The economic impact after the Civil War was devastating for the South and the North, because the war was extremely costly for both sides. It took decades for both sides to recover.
During the Civil-War both sides printed paper currency in order to pay for the war effort. By the time the war had concluded, the value of the confederate note bottomed out, rendering it worthless. Thousands of people lost their entire life savings. The South also sustained extensive damages to many cities and towns. Being primarily agricultural, the South also had far less in its reserves at the outset of the war than the North.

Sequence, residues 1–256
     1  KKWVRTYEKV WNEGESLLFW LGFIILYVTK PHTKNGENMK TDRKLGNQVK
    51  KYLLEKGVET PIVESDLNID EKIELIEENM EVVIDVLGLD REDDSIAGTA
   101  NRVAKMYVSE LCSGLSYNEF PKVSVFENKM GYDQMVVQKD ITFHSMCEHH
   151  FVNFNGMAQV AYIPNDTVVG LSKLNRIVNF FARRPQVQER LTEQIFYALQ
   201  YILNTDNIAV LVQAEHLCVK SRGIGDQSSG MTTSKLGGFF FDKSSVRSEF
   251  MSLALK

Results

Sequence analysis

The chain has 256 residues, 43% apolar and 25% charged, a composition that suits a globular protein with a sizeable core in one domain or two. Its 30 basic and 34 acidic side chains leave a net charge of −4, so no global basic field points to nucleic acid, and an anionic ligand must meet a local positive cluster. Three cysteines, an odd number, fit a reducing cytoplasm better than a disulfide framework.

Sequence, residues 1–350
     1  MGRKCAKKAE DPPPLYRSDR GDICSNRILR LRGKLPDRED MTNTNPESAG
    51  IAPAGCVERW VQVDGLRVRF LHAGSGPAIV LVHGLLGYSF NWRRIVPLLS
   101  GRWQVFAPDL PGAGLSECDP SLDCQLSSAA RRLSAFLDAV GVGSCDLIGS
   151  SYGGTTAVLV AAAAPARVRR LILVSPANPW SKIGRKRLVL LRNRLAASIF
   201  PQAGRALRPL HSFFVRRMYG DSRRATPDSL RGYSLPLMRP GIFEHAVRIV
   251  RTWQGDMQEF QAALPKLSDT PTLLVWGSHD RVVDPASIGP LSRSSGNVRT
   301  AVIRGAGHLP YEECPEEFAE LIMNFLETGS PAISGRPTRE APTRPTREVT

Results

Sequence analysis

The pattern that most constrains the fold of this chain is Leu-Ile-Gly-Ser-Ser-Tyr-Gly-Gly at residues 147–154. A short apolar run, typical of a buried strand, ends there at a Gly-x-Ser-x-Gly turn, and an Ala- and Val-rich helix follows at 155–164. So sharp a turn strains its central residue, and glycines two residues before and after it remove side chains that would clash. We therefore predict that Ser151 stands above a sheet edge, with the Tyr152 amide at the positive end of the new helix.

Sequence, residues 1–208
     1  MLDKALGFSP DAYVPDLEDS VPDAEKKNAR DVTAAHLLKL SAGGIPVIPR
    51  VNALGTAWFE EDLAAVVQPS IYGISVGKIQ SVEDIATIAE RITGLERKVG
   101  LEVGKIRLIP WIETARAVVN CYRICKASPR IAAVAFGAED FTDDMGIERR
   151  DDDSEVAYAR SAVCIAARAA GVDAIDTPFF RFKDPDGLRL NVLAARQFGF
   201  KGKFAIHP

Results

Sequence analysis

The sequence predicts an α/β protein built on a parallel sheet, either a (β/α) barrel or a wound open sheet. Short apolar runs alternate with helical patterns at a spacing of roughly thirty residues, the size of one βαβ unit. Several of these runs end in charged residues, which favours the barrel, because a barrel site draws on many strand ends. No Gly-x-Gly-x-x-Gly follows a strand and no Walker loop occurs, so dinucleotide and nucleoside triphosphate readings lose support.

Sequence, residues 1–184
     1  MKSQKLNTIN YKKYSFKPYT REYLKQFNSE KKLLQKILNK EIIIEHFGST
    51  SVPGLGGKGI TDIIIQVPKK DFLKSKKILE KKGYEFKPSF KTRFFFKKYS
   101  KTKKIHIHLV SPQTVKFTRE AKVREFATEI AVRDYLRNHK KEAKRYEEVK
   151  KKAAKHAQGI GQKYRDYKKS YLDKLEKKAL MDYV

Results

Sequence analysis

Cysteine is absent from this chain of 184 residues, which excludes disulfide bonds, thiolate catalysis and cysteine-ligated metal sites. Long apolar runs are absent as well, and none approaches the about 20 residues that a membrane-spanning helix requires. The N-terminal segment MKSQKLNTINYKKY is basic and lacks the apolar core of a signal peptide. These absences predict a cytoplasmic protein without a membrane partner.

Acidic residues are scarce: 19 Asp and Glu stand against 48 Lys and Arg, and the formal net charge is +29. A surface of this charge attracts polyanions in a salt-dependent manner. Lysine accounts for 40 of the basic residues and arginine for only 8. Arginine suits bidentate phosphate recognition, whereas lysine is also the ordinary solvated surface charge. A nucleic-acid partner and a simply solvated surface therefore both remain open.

According to FEE.org, the national debt more than doubled by the conclusion of the Civil War. Before the war began, the United States relied on tariffs for its revenue, but with the expense of the war and the subsequent pension claims placed by injured war veterans and widows of war veterans, the government established income taxes, estate taxes and excise taxes in an effort to pay down the massive war debt. By 1893, the 2.7 billion dollars of war debt had dramatically declined to 961 million in war debt. By the end of the century, two-thirds of the war debt was eliminated.